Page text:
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Friday, October 12, 2018

Bad Times at the El Royale

You have to hand it to writer-director, Drew Goddard - He refuses to be pigeonholed into a single genre.  Kicking off his screenwriting career with Cloverfield, he quickly moved on to The Cabin in the Woods, and then The Martian.  Now, he taps into his inner-Tarantino with Bad Times at the El Royale, a mystery thriller that embraces some good ideas, even more strange ones, and basically serves as an excuse for its star-studded cast to run crazy, their faces frequently bloodied, through a hotel that sits right on the California-Nevada border.

The El Royale Hotel, which serves as the film's sole setting aside from a few random flashback scenes, looks as if it is past its prime.  It once was a popular destination for gamblers and thrill seekers, but after it lost its gambling license, it now sits virtually empty, and only has one employee on hand.  This is the mild-mannered Miles (Lewis Pullman), who despite his youthful and calm exterior, seems quite jumpy and haunted by a lot of personal demons that will be revealed during the course of the night the film is set.  A group of guests show up all at once, and just like Miles, they all seem to be haunted by their own personal demons, and may not be who they say they are.  The first three guests arrive at the same time, and include a traveling salesman (Jon Hamm), a singer (stage actress Cynthia Erivo, who makes quite the impression here), and a Catholic priest (Jeff Bridges) who claims his memory isn't what it used to be, and he often forgets things.  They are soon joined by a young woman (Dakota Johnson), who signs the hotel register book with an obscenity instead of her name.

The guests check into their rooms, and almost immediately start undertaking some mysterious acts or behavior when they think no one is watching them.  The priest starts tearing up his room to get at the floorboards underneath the carpet, the young woman reveals that she's brought a female hostage with her in her car and ties her to a chair in the room, and the salesman starts an investigation, as he is secretly working for the FBI.  This is a movie that builds itself around secrets, and people not being honest with others or themselves.  Even the hotel itself has secrets, as there are hidden corridors that allow people to look into each individual room through a set of one-way mirrors.  The singer seems to be the only one who is what she says she is, but she'll be dragged into her own mystery soon enough.  As all of these characters come together, and a storm intensifies outside trapping everyone into the confines of the El Royale, we start to anticipate learning the truth.

And Goddard keeps us guessing for quite a while, due to the fact that he shoots the film out of sequence.  We're introduced to these characters, see what seems to be strange behavior from them, and then we learn more about them, either through flashbacks, or by the movie backtracking and filling us in on information through a different character's point of view.  This is a movie that is constantly switching viewpoints.  Each guest has his or her own unique storyline, and as the different characters and plots intersect, the pieces of the story start to fall into place and make more sense mostly.  I say "mostly", because Goddard seems to love how clever his script is, and he delights in pulling the rug out from under us.  Just when we think we have these characters figured out, he reveals something else.  And just when we think we know how the film is going to end up, Chris Hemsworth shows up in the third act as a crazed cult leader with ties to one of the guests, and he spends a majority of the last half of the film torturing everybody with insane glee.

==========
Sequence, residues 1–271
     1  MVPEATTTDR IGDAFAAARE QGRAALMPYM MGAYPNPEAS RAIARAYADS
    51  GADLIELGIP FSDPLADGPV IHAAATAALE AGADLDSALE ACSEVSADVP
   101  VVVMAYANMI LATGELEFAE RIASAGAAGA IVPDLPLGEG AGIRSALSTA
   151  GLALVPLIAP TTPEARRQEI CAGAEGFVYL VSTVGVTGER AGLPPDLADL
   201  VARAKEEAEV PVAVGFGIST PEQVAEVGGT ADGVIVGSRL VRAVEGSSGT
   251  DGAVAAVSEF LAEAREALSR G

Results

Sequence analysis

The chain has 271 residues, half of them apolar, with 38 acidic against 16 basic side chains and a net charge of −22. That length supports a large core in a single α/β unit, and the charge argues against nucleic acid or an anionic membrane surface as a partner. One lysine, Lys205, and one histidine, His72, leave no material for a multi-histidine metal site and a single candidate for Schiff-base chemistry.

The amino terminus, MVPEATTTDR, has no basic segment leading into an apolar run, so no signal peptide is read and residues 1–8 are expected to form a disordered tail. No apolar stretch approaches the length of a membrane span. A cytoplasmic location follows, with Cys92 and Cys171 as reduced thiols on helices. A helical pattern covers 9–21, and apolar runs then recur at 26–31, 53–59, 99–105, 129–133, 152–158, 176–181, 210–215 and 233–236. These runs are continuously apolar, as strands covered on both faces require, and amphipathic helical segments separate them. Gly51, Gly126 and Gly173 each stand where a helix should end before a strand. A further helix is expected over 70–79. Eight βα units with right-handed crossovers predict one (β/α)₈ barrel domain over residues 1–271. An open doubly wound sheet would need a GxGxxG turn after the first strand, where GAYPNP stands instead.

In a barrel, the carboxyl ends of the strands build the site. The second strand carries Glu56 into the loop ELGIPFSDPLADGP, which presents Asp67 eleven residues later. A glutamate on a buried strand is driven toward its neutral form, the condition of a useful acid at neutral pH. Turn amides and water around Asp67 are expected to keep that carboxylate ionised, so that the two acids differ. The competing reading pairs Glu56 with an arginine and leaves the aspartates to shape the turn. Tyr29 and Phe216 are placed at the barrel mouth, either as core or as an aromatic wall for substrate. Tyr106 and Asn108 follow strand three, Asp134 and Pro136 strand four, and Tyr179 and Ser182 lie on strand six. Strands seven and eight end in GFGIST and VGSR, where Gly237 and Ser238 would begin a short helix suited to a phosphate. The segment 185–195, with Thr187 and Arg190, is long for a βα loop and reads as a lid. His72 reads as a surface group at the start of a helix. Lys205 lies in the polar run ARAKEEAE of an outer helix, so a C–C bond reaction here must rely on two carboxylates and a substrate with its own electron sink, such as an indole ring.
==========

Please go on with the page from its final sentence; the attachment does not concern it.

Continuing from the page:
It's during this third act that Bad Times at the El Royale starts to flounder.  Up to then, the movie had been kind of an exhilarating little mystery, and I enjoyed learning about these people as the truth was revealed layer by layer.  But then Hemsworth shows up, and while his performance is fine, his whole character and sequence kind of drags things down.  The movie loses a bit of its kinetic energy, and bogs things down for a very long final stretch of a nearly two and a half hour long film.  Still, the movie can be very sharp.  Maybe not as sharp as Tarantino's best writing, which this movie clearly wishes to emulate, and not as funny either, but it gets the dialogue, the music, and the characters right for the most part.  It's also kind of a laid back film, up until the last half hour.  The thrill comes in figuring out these people, and their connections with one another.  Once we get our answers, they're satisfying enough, but still feel a bit cheapened by the introduction of Hemsworth and the direction he takes the film.

This is one of those movies you're amazed even got backed by a major studio.  It's a quirky, bloody film drowning in dialogue and shady characters who will team up, betray and murder each other at some point - sometimes all in the same scene, it seems.  The movie is at its best when we are playing along with it, and trying to figure it all out.  Once the answers come, it can be a bit of a let down, but you still had fun getting there.

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